The Science of Simplifying and Organizing Your Home

The aesthetics of an organized and clutter-free home are undeniable, but there are also unseen benefits that extend to our mental health and well-being.

A clutter-free workspace in a home designed by Nyla Free. Photograph by Phil Crozier.

As a kid growing up in a busy blended-family household, Megan Golightly didn’t give much thought to whether her bedroom was tidy and organized. “My mom said that, as a teenager, I was a disaster,” Golightly says with a chuckle. Even so, Golightly had an affinity for labelling things back then, perhaps an indication that she wasn’t completely devoid of organizational skills. Plus, she says, “I’ve always loved a challenge.”

These days, the Calgary entrepreneur and founder of Simplified puts her passion for labelling — as well as categorizing and finding a place for everything — to good use. Her business, which focuses on helping clients get their homes organized, packed and unpacked, is now in its 12th year.

“I help people get out from under the clutter and simplify things,” says Golightly, who recently helped lifestyle-brand entrepreneur Jillian Harris of Love It or List It Vancouver fame get her home decluttered. “Then, they can just live.”

Professional home organizer Megan Golightly uses clear containers to create order in a drawer. Photograph by Stephanie Lucile Photography.

While the world of home organization has always been of interest to some, it has exploded into one of the biggest lifestyle trends of the past few years, with its own household-name celebrities. Marie Kondo, the wildly popular host of her own Netflix show and merchandising empire, brought the question, “Does it spark joy?” to so many people looking to get out from under the weight of all that household stuff; while the California duo behind The Home Edit have also parlayed their passion for tidiness into a Netflix series, books and even a line of home-organization products for Walmart.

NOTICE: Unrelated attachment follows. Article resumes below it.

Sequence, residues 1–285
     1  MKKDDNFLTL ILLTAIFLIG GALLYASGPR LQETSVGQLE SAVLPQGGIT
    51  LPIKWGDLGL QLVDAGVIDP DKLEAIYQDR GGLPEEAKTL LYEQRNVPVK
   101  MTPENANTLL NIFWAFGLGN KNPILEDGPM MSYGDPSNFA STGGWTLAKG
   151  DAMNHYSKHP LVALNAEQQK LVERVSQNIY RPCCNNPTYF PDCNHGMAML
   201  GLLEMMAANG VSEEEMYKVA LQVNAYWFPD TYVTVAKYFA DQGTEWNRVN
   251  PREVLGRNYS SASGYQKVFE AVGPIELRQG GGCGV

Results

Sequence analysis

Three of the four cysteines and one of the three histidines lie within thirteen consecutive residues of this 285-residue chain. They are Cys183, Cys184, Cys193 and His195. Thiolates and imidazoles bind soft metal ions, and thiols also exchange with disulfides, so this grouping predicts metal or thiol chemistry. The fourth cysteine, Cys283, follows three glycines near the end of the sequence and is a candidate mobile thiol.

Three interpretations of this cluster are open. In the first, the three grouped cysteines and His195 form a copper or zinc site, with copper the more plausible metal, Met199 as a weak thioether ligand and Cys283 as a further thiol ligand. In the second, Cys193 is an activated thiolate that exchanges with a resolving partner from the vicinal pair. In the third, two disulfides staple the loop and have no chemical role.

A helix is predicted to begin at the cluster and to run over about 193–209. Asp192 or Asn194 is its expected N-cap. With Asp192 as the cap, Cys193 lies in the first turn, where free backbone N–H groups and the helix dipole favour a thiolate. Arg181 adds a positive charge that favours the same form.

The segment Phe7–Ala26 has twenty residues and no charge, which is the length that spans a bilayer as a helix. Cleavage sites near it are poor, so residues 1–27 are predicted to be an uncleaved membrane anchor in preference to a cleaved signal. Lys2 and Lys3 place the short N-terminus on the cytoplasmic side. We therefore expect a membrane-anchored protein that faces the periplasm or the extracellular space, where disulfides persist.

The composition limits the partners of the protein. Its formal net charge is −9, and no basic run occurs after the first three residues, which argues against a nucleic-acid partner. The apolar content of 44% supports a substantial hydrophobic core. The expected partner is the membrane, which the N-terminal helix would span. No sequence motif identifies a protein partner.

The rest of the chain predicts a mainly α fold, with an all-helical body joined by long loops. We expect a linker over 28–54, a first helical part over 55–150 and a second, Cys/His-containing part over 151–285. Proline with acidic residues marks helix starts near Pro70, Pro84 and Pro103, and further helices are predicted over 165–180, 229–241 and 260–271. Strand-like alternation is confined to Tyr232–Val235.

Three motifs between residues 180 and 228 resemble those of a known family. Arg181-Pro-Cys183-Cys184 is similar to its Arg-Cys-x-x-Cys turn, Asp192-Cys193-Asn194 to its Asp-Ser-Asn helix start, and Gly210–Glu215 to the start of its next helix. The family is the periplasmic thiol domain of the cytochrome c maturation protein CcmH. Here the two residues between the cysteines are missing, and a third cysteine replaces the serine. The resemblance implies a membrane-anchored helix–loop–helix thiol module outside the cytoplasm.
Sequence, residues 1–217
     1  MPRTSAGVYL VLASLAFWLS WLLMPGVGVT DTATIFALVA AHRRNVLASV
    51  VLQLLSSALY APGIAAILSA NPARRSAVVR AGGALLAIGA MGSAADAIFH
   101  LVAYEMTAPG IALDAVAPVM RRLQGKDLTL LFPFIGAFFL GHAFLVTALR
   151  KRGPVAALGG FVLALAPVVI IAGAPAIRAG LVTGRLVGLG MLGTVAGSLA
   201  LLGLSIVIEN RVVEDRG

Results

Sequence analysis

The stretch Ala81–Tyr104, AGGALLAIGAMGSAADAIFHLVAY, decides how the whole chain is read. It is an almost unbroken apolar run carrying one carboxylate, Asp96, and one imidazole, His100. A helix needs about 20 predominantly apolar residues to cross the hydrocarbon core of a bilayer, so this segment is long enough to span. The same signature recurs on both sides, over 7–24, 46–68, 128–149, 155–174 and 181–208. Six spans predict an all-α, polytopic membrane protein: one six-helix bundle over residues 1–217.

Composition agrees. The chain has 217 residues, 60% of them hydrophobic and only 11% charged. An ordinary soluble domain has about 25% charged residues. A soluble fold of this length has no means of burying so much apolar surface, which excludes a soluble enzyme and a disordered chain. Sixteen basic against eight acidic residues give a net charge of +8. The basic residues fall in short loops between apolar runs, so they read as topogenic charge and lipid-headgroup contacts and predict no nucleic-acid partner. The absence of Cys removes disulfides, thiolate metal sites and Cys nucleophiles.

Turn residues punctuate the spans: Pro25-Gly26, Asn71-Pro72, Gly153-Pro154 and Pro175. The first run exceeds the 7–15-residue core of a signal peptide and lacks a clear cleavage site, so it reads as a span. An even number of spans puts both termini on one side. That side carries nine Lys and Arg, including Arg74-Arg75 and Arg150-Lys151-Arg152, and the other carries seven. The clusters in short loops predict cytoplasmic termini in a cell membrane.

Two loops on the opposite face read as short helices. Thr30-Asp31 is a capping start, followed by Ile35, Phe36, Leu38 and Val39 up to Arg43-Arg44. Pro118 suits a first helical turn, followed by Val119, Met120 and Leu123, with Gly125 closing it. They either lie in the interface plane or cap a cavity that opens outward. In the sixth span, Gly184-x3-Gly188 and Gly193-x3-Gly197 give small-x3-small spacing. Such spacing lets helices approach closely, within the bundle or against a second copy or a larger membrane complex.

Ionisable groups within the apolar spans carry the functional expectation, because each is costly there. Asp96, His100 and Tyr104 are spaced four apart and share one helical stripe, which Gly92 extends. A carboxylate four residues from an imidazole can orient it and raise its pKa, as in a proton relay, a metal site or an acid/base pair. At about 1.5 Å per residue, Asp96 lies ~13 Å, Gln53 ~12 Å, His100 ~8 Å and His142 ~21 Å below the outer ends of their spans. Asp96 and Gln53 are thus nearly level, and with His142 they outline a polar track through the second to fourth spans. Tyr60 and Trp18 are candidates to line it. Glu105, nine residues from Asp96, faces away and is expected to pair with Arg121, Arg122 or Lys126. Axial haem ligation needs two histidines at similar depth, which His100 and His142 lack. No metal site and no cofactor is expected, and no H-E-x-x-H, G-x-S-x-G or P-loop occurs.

While the field has certainly gotten more crowded, Golightly, with the help of her team, has managed to bring her unique 
vision to the world of home organization.

Armed with a degree in psychology, years working in the mental health field and a passion for keeping on top of the latest neuroscience research, she blends practical tips and strategies with knowledge of how our brains deal with everything from the negative effects of ignoring the problem of household clutter, to how to prepare to tackle it. “If you have clutter all over, your brain is always trying to figure how to solve it, where it’s going to go,” she says. Golightly is able to pass on to clients her knowledge about the important connections between their physical and mental environments, and that an organized home isn’t just pretty, but also vital to their well-being.

Rockwood’s “sneaky office” keeps work related items tucked away. Photograph courtesy of Rockwood Custom Homes..

Over the past several years, the field of neuroscience — the scientific study of the nervous system, with a focus on the brain and its impact on behaviour and cognitive functions — has provided a growing body of evidence confirming the relationship between clutter and feelings of stress.

A 2011 study from the Princeton University Neuroscience Institute found (paraphrased in non-neuroscience jargon) that, when your environment is cluttered, the chaos restricts your ability to focus. A 2010 study published in the Journal of Personality and Social Psychology also found a correlation between high cortisol (stress hormone) levels in women who had a high density of household objects.